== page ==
The Two Lookups Approach (was Re: Parsing the issues and finding a middle ground -- another attempt)

Vint Cerf vint at
Fri Mar 6 15:07:50 CET 2009

While I haven't analyzed things as carefully as Marcos attempts in his  
note, I have to admit to a lot of discomfort with having to do two  
lookups to get this stuff to work.


Vint Cerf
1818 Library Street, Suite 400
Reston, VA 20190
vint at

On Mar 6, 2009, at 9:03 AM, Marcos Sanz/Denic wrote:

> Catching up with the archives...
>> (iv) For the four "changed interpretation" cases, we make it
>> clear that the IDNA2008 interpretation is the important one and
>> that registries have a lot of responsibility here.   However,
>> if an application is in a position to deliver two different
>> answers to the user, then it MAY reasonably do both lookups and
>> then do whatever with them seems appropriate (obviously, a "did
>> you really mean?" dialogue would be one such option).
>> Agreed as well. That, I think, is the only option I've heard for
> handling for whatever characters end up in IDNA 2008 with changed
>> interpretations that would help mitigate the security problems.
>> The specified order of lookup will be important. The did you mean  
>> option
> could be recommended for user-facing code. That isn't, of
>> course, much use for a lot of software like search engines, but for  
>> UIs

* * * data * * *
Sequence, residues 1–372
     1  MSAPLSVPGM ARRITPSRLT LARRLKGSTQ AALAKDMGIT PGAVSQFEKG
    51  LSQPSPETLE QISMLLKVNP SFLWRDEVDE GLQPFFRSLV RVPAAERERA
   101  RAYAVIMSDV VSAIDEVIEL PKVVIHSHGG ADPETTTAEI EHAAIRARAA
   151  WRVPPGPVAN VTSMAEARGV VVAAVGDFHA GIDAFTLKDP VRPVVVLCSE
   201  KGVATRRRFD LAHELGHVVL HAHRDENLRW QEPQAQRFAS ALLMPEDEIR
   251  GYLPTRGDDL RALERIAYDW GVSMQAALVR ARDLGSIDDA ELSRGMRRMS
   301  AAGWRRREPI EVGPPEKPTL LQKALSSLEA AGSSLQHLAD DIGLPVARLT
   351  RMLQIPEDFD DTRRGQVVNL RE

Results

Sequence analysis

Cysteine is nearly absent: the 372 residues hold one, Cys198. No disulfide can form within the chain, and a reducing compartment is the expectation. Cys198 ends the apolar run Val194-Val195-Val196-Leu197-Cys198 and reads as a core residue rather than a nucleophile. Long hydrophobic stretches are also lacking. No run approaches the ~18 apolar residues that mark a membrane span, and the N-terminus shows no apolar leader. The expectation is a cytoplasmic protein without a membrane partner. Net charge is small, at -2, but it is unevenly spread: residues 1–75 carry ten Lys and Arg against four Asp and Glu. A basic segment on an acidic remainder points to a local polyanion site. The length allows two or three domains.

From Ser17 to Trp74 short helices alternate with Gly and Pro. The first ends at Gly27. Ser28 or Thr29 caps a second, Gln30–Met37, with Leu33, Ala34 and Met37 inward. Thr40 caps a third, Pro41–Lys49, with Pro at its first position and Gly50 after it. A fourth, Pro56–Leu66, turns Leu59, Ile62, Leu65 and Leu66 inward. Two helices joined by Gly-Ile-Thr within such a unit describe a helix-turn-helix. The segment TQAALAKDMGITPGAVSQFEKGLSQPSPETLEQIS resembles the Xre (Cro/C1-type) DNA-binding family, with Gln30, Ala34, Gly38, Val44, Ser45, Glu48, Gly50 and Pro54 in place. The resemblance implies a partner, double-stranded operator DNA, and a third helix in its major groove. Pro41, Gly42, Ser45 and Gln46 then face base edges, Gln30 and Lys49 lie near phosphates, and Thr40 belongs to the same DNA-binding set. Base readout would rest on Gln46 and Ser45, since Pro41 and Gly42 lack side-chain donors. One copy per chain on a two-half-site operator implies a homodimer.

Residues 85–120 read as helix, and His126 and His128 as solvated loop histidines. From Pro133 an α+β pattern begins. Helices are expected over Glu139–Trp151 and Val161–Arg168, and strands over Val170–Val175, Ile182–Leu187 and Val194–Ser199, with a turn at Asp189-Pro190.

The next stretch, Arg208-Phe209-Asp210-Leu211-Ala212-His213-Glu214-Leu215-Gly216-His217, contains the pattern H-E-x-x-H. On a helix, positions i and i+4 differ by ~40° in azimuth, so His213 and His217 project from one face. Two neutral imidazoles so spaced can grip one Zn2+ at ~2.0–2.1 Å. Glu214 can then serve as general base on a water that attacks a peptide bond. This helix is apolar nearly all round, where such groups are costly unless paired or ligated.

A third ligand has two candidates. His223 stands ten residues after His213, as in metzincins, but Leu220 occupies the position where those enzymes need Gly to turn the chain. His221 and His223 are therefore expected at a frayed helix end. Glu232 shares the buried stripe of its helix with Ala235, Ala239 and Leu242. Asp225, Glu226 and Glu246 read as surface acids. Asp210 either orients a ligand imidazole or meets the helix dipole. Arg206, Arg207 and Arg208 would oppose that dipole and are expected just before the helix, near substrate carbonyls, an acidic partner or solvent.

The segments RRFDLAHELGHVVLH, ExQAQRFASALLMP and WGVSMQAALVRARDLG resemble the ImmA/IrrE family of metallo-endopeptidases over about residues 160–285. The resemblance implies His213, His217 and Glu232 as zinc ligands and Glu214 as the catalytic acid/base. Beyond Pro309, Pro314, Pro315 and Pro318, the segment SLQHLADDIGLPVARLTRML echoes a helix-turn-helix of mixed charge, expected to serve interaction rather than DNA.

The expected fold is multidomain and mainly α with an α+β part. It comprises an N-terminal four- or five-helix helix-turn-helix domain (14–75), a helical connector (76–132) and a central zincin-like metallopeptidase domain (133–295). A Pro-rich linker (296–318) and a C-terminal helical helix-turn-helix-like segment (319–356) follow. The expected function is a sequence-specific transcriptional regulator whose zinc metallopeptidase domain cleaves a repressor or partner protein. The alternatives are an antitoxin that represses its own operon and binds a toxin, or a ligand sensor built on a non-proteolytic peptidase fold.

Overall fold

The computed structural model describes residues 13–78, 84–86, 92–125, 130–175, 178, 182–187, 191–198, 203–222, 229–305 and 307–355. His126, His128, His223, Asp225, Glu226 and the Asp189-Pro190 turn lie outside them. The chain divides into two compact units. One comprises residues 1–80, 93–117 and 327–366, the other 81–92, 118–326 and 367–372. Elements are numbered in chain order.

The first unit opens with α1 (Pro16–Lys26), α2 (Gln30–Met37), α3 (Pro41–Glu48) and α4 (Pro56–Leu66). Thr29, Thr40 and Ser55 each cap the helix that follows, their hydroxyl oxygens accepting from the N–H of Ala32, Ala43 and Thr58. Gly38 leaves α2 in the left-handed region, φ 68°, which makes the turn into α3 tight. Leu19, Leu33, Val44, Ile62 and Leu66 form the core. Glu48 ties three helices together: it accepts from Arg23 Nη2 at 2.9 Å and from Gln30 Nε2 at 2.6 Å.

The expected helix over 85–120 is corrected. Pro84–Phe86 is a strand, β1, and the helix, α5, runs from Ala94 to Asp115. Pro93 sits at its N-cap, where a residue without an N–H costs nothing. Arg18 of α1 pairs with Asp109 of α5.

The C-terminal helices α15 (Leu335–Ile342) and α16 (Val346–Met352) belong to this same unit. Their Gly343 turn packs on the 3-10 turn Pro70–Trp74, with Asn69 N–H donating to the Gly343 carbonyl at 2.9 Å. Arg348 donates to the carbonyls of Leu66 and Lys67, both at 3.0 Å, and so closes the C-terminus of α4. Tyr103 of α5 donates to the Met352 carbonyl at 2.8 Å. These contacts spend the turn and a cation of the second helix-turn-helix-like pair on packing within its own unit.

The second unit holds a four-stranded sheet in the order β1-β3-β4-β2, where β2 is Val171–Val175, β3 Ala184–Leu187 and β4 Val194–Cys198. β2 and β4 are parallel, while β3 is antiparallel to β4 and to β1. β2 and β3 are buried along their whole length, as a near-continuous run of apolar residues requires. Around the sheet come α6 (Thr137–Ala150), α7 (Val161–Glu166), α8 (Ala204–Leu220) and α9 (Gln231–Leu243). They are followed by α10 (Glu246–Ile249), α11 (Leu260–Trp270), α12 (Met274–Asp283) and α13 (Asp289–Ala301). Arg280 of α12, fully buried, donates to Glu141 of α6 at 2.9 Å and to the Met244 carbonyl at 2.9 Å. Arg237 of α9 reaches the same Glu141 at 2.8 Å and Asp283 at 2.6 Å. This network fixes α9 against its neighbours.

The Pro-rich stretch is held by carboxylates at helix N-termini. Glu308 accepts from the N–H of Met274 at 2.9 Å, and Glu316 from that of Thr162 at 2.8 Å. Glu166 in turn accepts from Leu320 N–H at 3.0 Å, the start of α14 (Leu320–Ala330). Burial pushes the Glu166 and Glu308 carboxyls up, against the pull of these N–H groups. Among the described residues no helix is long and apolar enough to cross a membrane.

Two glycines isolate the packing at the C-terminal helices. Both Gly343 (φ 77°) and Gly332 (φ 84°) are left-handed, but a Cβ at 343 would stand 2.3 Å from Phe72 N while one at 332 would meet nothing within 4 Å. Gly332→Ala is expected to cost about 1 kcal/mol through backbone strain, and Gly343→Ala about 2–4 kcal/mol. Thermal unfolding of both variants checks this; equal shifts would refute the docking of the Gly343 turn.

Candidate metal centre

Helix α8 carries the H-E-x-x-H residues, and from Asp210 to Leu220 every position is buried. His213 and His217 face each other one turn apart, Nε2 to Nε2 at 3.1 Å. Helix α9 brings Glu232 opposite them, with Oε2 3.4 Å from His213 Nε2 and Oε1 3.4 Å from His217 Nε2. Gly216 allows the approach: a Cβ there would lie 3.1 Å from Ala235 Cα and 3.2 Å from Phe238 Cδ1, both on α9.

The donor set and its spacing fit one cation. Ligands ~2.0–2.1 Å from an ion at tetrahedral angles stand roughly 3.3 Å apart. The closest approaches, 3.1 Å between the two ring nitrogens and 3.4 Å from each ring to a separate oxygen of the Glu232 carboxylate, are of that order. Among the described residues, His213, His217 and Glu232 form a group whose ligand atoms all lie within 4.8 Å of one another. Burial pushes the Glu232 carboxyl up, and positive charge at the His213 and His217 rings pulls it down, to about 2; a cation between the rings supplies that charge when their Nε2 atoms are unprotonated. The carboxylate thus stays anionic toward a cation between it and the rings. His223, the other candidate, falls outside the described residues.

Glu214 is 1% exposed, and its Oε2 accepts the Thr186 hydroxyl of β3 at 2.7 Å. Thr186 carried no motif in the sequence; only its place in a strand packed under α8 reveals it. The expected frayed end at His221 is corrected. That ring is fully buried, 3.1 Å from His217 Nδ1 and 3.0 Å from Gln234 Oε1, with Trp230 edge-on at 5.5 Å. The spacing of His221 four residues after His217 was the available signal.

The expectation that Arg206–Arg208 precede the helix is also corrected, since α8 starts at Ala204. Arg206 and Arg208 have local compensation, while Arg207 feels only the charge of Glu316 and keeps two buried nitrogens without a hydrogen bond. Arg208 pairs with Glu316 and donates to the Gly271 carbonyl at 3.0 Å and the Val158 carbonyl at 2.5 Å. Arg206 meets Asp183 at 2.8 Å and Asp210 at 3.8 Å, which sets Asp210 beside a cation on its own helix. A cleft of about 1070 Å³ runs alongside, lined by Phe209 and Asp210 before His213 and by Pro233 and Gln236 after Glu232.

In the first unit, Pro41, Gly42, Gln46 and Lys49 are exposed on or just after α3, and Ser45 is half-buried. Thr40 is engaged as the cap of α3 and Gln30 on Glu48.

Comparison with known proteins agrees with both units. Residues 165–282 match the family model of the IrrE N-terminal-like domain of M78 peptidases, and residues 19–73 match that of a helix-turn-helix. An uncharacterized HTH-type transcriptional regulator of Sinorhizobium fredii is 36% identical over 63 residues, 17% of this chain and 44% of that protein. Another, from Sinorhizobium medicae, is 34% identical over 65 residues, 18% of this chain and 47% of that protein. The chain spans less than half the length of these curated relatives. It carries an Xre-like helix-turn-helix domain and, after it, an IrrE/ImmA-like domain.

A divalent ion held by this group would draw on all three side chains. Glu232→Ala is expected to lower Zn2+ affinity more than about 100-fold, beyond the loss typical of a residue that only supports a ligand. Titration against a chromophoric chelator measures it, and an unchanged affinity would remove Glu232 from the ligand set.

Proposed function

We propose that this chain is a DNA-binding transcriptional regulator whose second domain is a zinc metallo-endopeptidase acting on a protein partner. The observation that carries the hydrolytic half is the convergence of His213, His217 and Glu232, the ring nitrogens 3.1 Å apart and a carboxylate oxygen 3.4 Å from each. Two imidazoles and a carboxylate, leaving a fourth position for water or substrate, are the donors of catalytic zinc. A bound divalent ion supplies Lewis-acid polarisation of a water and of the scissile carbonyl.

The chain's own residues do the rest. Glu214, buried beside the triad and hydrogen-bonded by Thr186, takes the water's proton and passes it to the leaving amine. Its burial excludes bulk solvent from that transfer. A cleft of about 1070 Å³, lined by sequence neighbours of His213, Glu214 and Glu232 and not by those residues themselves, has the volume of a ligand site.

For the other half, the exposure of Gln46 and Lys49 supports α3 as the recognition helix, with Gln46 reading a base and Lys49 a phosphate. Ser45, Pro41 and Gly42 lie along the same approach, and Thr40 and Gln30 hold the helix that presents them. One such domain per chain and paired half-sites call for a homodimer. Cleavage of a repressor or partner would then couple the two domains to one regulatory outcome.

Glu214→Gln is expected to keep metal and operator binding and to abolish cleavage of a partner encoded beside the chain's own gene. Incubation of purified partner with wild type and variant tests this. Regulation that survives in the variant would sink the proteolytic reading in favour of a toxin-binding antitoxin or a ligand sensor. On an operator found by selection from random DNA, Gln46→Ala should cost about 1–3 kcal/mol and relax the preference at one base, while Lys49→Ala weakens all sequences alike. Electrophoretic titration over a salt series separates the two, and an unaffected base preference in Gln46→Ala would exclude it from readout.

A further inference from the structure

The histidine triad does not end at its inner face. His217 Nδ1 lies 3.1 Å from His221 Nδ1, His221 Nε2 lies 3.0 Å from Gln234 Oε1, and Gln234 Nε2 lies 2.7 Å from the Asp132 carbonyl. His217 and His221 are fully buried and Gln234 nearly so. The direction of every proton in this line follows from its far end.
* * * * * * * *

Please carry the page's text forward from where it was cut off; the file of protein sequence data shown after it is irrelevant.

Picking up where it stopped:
> could be useful.
> This "two lookups" approach pops up again and again and I have a  
> very bad
> feeling about it. Let me check first if I get the idea right: So the
> suggestion is that a DNS client (or a layer on top of a DNS client)
> produces two outputs, one with let's say the ZWNJ in a domain name  
> mapped
> to nothing, and the other one leaving ZWNJ in it. Then these two  
> labels
> are converted to (two different) Punycode and two DNS lookups take  
> place.
> Then the client compares the DNS answers and if they are different,  
> this
> is handled accordingly (UI interaction, abortion if no user interation
> possible, whatever). Is that right? Because I think this is broken.
> First of all, two identical answers are not an unambiguous indicator  
> that
> there are no "security problems". The "real" and the "phishing"  
> webpage
> (let's concentrate for a moment on web for the sake of simplicity)  
> could
> incidentally be hosted on the same server (same IP) by a big  
> registrar.
> And there are plenty of operational situations in which *two  
> consecutive
> identical DNS queries can lead to two different replies*:
> * Replies are returned from a cache. Caches naturally change in time.
> * No cache gets involved: One query is sent to one authoritative
> nameserver, the second is sent to a different authoritative  
> nameserver.
> These servers have unfortunately different states of zone content.
> * Or your resolver has sent the two queries to the same nameserver,  
> but
> they are delivered to, for instance, two different anycast instances
> (again with different states of zone content).
> * Or both are delivered to one and the same nameserver instance, but  
> one
> query is dealt with before a content change, the second is dealt with
> after the content change.
> * Or no content changes take place at all, but different answers are  
> sent
> as part of a DNS load balancing scheme.
> If we not only take the answer section of the reply into account for  
> the
> comparison, but also authority and the additional sections, the
> possibilities of something not going as expected grow.
> Summary: Different replies to the two lookups is neither a  
> sufficient nor
> a necessary condition for a "security situation", the mechanism  
> produces
> plenty of false positives/negatives, which by themselves, would be  
> very
> difficult to debug. We don't want to go down that path.
> Best regards,
> Marcos
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